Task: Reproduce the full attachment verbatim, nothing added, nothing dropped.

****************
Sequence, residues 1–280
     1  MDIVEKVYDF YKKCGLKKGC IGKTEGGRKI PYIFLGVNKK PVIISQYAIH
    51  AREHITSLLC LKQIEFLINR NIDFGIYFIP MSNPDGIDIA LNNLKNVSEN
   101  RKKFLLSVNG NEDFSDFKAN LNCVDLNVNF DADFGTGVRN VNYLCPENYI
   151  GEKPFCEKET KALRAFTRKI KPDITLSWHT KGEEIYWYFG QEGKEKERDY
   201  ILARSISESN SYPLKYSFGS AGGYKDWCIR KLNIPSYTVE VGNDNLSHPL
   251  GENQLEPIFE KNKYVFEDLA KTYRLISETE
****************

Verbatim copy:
Sequence, residues 1–280
     1  MDIVEKVYDF YKKCGLKKGC IGKTEGGRKI PYIFLGVNKK PVIISQYAIH
    51  AREHITSLLC LKQIEFLINR NIDFGIYFIP MSNPDGIDIA LNNLKNVSEN
   101  RKKFLLSVNG NEDFSDFKAN LNCVDLNVNF DADFGTGVRN VNYLCPENYI
   151  GEKPFCEKET KALRAFTRKI KPDITLSWHT KGEEIYWYFG QEGKEKERDY
   201  ILARSISESN SYPLKYSFGS AGGYKDWCIR KLNIPSYTVE VGNDNLSHPL
   251  GENQLEPIFE KNKYVFEDLA KTYRLISETE